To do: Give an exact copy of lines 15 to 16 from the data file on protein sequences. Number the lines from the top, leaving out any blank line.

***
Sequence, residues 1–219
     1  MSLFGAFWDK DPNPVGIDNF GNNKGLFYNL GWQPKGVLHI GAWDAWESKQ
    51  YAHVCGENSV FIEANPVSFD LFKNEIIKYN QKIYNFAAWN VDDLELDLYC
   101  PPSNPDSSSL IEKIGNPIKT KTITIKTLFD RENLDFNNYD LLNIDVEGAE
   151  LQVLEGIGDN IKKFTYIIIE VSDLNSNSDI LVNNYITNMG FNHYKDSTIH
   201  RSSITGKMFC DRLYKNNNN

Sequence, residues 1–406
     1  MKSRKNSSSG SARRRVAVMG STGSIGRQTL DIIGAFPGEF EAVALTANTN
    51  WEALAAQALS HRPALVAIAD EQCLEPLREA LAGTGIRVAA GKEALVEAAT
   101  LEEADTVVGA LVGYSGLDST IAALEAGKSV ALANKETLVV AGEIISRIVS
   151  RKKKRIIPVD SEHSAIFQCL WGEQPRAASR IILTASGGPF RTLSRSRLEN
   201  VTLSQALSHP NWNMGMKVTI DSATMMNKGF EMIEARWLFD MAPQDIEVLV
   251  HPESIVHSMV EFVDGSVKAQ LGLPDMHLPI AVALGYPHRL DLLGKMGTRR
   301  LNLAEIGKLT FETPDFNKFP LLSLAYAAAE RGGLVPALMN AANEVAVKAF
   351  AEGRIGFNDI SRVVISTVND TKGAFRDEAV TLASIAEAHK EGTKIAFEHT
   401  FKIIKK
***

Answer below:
   351  AEGRIGFNDI SRVVISTVND TKGAFRDEAV TLASIAEAHK EGTKIAFEHT
   401  FKIIKK